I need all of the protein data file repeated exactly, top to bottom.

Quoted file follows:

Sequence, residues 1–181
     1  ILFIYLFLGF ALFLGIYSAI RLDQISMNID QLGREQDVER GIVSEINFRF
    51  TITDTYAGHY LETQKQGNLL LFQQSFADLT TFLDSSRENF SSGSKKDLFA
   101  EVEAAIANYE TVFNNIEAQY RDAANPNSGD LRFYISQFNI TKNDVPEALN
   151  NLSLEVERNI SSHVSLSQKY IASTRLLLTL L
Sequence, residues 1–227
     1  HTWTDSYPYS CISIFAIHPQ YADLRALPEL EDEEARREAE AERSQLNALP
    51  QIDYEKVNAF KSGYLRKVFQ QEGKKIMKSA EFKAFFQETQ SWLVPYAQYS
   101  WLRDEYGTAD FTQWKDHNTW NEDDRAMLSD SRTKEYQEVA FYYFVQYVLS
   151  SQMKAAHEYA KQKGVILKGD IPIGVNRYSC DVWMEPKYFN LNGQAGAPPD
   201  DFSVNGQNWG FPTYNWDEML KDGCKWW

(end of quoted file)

Sequence, residues 1–181
     1  ILFIYLFLGF ALFLGIYSAI RLDQISMNID QLGREQDVER GIVSEINFRF
    51  TITDTYAGHY LETQKQGNLL LFQQSFADLT TFLDSSRENF SSGSKKDLFA
   101  EVEAAIANYE TVFNNIEAQY RDAANPNSGD LRFYISQFNI TKNDVPEALN
   151  NLSLEVERNI SSHVSLSQKY IASTRLLLTL L
Sequence, residues 1–227
     1  HTWTDSYPYS CISIFAIHPQ YADLRALPEL EDEEARREAE AERSQLNALP
    51  QIDYEKVNAF KSGYLRKVFQ QEGKKIMKSA EFKAFFQETQ SWLVPYAQYS
   101  WLRDEYGTAD FTQWKDHNTW NEDDRAMLSD SRTKEYQEVA FYYFVQYVLS
   151  SQMKAAHEYA KQKGVILKGD IPIGVNRYSC DVWMEPKYFN LNGQAGAPPD
   201  DFSVNGQNWG FPTYNWDEML KDGCKWW